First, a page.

Usually, portraiture involves the subject (again, in this case, the person to be take a photo of) looking directly into the portrait photographer’s camera. In the early days, all of the subjects in portraitures looked into the lens of the portrait photographer’s camera. These days, however, many portrait photographers as well as subjects of these portraitures “experiment.” Many now have portraits wherein they do not directly look at the camera. Some also have distinct angles that they want captures that’s why they sit in a specific position in front of the camera as well. Again, these “new” and recent styles in portrait photography are based on the portrait photographer’s tips and recommendations and more importantly, based on the preference of the subject.
Unlike other photography styles, the subjects of portrait photography or portraiture are often non-professional models. This means that ordinary people such as fathers, mothers, their kids, businessmen and even the local man on the street can be subjects in portraitures.
There are no boundaries or rules when it comes to portrait photography. Truth be told, that’s what makes portrait photography easy and difficult at the same time! Easy because just about anybody with a point and shoot camera can do a portraiture but difficult because when you need a professional portrait taken, you must rely on professional portrait photographers. More on this later in this article.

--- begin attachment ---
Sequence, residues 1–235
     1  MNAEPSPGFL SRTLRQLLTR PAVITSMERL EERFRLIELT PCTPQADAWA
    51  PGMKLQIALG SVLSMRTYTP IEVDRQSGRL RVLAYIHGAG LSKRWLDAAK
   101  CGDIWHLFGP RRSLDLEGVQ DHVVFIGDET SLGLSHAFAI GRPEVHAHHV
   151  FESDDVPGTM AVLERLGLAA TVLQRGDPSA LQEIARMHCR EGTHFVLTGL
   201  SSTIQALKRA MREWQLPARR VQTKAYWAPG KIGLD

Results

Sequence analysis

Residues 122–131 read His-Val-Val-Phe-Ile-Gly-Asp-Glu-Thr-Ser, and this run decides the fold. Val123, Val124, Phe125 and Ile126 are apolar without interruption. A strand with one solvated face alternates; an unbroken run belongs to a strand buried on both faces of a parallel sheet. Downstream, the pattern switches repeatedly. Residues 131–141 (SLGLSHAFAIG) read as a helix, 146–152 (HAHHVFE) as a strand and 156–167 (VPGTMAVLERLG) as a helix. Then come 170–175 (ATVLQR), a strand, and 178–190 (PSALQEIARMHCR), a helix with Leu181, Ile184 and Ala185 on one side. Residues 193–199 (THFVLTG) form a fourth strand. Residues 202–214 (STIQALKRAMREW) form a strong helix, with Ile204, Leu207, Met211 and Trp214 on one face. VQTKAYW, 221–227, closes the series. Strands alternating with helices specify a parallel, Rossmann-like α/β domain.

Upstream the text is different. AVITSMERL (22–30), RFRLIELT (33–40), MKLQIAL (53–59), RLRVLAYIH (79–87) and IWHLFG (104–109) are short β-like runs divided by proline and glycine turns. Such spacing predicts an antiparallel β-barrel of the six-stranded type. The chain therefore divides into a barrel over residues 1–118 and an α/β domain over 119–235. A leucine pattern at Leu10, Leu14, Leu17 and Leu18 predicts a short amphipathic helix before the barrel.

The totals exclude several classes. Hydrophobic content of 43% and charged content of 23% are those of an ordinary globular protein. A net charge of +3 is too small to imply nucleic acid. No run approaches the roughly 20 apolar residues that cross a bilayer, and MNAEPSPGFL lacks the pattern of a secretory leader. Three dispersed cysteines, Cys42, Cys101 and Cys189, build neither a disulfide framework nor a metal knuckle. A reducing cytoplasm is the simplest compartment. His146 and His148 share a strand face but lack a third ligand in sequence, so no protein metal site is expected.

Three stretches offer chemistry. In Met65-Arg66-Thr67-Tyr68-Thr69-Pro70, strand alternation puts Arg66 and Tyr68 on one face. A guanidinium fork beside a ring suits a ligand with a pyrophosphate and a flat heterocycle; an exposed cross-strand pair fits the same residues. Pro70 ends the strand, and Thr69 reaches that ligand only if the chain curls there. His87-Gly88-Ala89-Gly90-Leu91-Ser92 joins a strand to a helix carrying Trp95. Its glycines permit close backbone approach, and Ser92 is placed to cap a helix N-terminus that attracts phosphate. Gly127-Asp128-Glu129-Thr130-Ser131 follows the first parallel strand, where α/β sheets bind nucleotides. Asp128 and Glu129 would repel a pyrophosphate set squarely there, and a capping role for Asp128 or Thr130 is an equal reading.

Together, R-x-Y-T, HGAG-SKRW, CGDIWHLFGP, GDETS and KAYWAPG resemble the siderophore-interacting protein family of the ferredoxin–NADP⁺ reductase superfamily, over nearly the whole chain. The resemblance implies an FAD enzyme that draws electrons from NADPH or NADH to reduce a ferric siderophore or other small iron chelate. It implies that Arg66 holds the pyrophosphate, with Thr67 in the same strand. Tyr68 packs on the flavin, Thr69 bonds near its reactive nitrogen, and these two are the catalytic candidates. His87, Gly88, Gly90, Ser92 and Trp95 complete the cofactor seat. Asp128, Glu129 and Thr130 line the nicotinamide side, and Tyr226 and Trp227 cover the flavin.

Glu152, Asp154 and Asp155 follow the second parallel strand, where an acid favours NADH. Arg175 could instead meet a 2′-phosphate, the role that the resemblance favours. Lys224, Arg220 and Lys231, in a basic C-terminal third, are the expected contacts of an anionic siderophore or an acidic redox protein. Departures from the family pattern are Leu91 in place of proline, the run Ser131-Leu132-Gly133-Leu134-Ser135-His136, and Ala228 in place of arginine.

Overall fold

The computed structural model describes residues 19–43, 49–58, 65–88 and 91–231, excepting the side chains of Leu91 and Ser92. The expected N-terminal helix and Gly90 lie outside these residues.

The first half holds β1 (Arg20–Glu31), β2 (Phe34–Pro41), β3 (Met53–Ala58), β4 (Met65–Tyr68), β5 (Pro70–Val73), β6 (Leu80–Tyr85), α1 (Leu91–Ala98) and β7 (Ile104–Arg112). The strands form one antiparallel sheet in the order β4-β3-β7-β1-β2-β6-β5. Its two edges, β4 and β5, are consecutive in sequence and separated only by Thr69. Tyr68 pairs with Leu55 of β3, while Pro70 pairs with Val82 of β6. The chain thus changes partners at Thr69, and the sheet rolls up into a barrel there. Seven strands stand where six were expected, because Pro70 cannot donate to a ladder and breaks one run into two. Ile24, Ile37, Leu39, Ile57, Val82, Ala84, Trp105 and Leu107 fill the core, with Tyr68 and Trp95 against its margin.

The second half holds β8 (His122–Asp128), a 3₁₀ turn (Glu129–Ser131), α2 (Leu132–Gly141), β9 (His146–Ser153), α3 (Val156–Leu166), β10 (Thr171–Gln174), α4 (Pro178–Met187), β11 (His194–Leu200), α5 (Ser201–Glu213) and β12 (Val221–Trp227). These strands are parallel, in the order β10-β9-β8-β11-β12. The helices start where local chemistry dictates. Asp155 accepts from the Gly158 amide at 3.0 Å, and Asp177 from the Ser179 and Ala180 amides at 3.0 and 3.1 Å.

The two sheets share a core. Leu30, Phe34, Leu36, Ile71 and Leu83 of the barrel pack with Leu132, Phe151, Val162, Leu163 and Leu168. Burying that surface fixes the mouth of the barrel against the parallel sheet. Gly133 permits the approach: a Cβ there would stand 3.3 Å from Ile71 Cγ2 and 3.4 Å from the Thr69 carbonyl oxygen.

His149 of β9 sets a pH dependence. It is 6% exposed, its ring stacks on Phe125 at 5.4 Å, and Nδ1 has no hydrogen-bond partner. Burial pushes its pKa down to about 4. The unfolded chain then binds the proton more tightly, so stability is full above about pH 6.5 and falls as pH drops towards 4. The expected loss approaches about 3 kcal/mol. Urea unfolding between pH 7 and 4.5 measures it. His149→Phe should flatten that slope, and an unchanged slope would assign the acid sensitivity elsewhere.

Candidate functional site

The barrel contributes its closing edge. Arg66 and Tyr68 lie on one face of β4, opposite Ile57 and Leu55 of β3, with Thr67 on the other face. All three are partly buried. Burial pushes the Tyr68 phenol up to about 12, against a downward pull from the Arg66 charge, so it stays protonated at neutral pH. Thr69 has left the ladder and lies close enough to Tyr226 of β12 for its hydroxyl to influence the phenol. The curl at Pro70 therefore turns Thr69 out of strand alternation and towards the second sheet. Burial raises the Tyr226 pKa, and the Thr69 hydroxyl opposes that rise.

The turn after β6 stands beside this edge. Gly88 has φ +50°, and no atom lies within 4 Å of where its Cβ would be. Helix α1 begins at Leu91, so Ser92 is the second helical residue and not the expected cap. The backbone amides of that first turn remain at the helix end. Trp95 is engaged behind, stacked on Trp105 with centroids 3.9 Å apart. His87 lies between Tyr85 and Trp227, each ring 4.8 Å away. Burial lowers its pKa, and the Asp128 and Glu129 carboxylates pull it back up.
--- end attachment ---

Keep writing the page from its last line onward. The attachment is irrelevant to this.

There are essentially four (4) approaches when it comes to portrait photography or portraiture:
1) the constructionist
2) candid approach
3) environmental approach and
4) the creative approach.
1. For the constructionist approach, this is where the portrait photographer builds a certain “ambience” for the total look of the portrait. For instance, the photographer, with the consent of the subject/s of course, would develop an idea around the portrait – smiling, happy couple, for one. A confident new graduate. An honest looking business executive. A blushing bride who’s so eager to start her new life. These are just a few of the ideas that a portrait photographer can work on when developing a photo taken with the constructionist approach in mind.
2. The environmental approach, on the other hand, depicts the subject in their surrounding or environment. For instance, in their work place. A portrait can be taken of the subject being in his office, with a photo of his country’s president or of his favorite global leader as background.
3. Thirdly, the candid approach. This is where the subject is photographed without his or her knowledge, hence, candid. One could most probably say that this is the “informal” type of portrait photography since the subject does not look at the camera directly. However, a lot of portrait photographers like to use this approach as it’s less invasive and can really capture a certain emotion.
4. Lastly, the creative approach is where digital manipulation is included in the process. The end result usually is a magical, very attractive and visually appealing portrait.